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Scottish Fold

The Confident Cat (Once known As The Lop-eared Cat)


Scottish Fold
Folded ears ensure that this breed is immediately arresting, it also has a distinctive rounded look, with a short neck, round head, and compact body. Scottish Folds come in two types: folded ear and straight (normal) ear. The folded ear is produced by an incomplete dominant gene and is the result of a spontaneous mutation.

The first Fold had what is now called a "single" fold, where the ears bend forwards. Today's show quality cats have tight "triple" folds. Straight eared cats are still essential for breeding healthy Folds. The breed has a placid personality, and its undemonstative behaviour suits its reserved appearance.

Susie, the Fold's founding mother, was a farm cat born in Tayside, Scotland. In 1961, local shepperd William Ross and his wife Mary were given one of Susie's kittens, named Snooks. Bred to a British Shorthair, she produced Snowball, a white male who was shown locally.

In the mid 1960s, Pat Turner, a cat breeder and geneticist, became involved in the development of the Fold. Over the next 3 years she oversaw the breedings which produced 76 kittens - 42 with folded ears and 34 with straight ears. She and Peter Dyte, another British geneticist, agreed that the gene mutation responsible for folded ears is a simple dominant. This means that if a kitten inherits a gene from one parent for straight ears (fd) and one from a parent with the gene for folded ears (Fd), it will be a fold. They also learned that the original cats carried the longhair gene.

In 1971, Mary Ross sent some Folds to Neil Todd, a geneticist in Newtownville, Masachusetts, USA. Development continued in the United States, using British and American Shorthairs, and Folds were fully recognised by 1994. A faction in the British Cat Fancy felt that the Scottish Fold would be prone to ear infections and deafness. They campaigned to prevent their acceptance for registry in Great Britain. Folds are still not accepted for registry in registries of Great Britain and Europe.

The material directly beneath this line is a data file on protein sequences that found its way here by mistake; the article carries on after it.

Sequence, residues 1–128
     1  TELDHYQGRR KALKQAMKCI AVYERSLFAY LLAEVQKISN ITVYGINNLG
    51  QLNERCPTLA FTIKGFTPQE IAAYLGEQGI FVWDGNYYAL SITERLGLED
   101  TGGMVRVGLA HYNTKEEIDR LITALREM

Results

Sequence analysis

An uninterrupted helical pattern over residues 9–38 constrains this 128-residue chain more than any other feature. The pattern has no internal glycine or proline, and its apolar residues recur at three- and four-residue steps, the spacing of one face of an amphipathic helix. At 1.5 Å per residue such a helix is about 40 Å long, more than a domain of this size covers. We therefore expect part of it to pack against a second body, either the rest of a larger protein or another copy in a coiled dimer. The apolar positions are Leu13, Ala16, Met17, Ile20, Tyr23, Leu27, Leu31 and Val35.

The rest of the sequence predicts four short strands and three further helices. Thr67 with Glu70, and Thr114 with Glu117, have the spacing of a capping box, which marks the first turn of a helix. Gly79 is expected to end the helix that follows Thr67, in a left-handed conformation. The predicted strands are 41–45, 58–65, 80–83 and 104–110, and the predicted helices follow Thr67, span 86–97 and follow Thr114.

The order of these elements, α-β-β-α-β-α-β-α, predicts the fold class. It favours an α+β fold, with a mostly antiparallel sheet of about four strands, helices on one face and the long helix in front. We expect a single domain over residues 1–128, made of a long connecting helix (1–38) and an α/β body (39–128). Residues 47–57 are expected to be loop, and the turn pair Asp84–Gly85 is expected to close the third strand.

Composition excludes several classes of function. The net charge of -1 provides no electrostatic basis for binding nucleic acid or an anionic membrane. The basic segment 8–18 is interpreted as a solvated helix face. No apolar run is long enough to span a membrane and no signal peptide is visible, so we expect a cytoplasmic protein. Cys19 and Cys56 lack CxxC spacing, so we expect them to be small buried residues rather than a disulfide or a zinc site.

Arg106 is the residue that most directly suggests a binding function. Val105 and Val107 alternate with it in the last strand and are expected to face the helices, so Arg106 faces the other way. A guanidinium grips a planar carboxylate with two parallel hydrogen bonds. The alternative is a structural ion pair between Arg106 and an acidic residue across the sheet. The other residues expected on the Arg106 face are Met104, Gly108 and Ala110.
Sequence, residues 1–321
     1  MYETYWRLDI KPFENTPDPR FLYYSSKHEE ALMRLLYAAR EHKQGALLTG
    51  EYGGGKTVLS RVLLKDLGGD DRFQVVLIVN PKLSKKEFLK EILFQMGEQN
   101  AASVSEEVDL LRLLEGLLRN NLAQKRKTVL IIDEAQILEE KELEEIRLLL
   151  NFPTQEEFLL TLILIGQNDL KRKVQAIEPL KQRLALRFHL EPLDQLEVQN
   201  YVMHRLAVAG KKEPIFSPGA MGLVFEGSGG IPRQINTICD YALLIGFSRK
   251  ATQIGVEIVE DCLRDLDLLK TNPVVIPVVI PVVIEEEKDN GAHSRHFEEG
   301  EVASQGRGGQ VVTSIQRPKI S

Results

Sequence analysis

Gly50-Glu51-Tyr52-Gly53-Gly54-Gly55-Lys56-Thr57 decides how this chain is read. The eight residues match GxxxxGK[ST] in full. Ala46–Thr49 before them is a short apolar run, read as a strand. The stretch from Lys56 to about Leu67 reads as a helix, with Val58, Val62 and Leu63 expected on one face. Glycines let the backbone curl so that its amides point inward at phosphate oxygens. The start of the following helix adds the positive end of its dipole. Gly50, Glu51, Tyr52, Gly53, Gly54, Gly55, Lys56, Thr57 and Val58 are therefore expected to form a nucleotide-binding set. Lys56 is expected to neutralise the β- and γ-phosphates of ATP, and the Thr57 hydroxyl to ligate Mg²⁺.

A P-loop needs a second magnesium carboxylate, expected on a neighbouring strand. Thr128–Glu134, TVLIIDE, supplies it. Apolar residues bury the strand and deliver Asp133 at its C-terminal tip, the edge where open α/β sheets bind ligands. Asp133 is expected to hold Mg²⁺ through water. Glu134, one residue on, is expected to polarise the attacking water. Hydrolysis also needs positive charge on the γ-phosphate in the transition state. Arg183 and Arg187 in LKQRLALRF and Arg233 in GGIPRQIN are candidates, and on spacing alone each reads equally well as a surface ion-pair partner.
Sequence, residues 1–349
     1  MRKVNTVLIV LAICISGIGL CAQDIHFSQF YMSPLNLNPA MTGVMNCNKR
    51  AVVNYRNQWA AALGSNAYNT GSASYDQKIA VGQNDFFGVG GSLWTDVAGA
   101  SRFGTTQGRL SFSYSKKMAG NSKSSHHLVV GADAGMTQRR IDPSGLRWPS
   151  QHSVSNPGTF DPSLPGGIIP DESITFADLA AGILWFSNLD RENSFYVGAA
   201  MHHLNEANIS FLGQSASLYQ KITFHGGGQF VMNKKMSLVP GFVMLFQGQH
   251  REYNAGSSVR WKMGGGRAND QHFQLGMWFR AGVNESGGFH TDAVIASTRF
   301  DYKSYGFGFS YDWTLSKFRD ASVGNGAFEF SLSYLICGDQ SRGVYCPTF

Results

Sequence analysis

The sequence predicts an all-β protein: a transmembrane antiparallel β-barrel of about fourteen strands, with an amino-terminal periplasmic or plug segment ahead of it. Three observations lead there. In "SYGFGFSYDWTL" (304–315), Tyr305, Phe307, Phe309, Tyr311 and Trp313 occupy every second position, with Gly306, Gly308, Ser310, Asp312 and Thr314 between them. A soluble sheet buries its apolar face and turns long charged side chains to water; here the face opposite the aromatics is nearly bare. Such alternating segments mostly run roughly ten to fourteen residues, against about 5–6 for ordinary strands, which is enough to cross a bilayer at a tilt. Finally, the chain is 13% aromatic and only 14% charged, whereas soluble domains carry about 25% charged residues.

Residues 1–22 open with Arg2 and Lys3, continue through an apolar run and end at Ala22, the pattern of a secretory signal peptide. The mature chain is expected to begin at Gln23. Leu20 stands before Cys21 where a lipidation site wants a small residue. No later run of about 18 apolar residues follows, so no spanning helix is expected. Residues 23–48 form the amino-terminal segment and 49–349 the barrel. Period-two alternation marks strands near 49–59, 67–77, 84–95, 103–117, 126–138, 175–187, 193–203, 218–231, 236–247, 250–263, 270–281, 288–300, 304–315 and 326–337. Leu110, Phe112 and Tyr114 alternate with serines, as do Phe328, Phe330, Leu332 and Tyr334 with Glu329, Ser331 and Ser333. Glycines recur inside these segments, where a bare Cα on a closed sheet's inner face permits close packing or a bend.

Scottish Fold kittens are born with straight ears. At about three to four weeks of age, their ears fold... or they don't! It is usually around eleven to twelve weeks of age that the breeder can determine whether it is a fold or straight type. Due to the rarity of the Fold, and due to the fact that not every kitten born has folded ears, it is very hard for the supply to keep up with the demand.

The Scottish Fold can be found in both the shorthair and longhaired version. The longhaired Scottish Fold has a semi-long coat of variable length which should sport a nice ruff on the males, leg britches and a huge fluffy tail.

Folds with long hair are called longhair folds, in some parts of America they're called Highland folds, an attempted reference to the geographical origin of the Scottish fold. Highland is a misnomer, however, and a source of amusement to Pat Turner. "They're not from the highlands at all," laughed Turner. "Over here we call the longhaired folds Coupari," after the village near the cottage where Susie was discovered by William Ross.

Scottish Folds are hardy cats, much like their barnyard ancestors. Their disposition matches their sweet expression. They have tiny voices and are not extremely vocal. They adore human companionship and display this in their own quiet way. They love to play but usually expect you to be involved in the fun and games.

While not every Fold will be a lap fungus, they will usually be found close to you. Scottish Folds adapt to almost any home situation and are as comfortable in a room full of noisy children and dogs as they are in a single person's dwelling. They do not usually panic at shows or in strange hotel rooms, and they adjust to other animals extremely well. Scottish Folds love to sleep flat on their backs and can often be found sitting up looking very much like an otter.

In general the Scottish Fold is a healthy, hardy cat with a lifespan of approximately 15 years. Early in the development of this breed a degenerative joint disease was discovered to be linked with breeding folded-eared cats to folded-eared cats. Because of this, ethical breeders will only breed straight-eared cats to folded- eared cats. Scottish Folds who are the products of folded-ear to straight-ear breedings seldom if ever develop joint disease.

Affected Folds will usually show signs of the disease between the ages of 4 to 6 months. This disease, in its worst case, will cause the joints of the cat's tail, ankles and knees to fuse and stiffen. A Scottish Fold with a very short thickened tail is probably affected to some extent. While this health problem is disabling, it is not life threatening. Though it cannot be cured, it can be very successfully treated.

If you want a cat who wants to know what you are doing and why you aren't paying attention to him, then you will probably do well with a Scottish Fold. If you are away at work for long hours then two Folds will keep each other from getting lonely and will be twice the love and devotion when you are home.

Today, although many colours and patterns have been added to the Scottish Fold's wardrobe of kilts, Original White, as the mother colour of all tartans, still holds a special place in the hearts of Fold lovers everywhere. Breeding whites is now controlled to ensure only cats of sound hearing are bred from.

And let us not forget the tribute in People magazine. In the 31st of May, 1999 issue there is a full page tribute to Norton, the most famous Scottish Fold yet. Norton was the constant companion of Peter Gathiers, author of two best selling books about their travels in Europe -The Cat Who Went to Paris and Cat Abroad.

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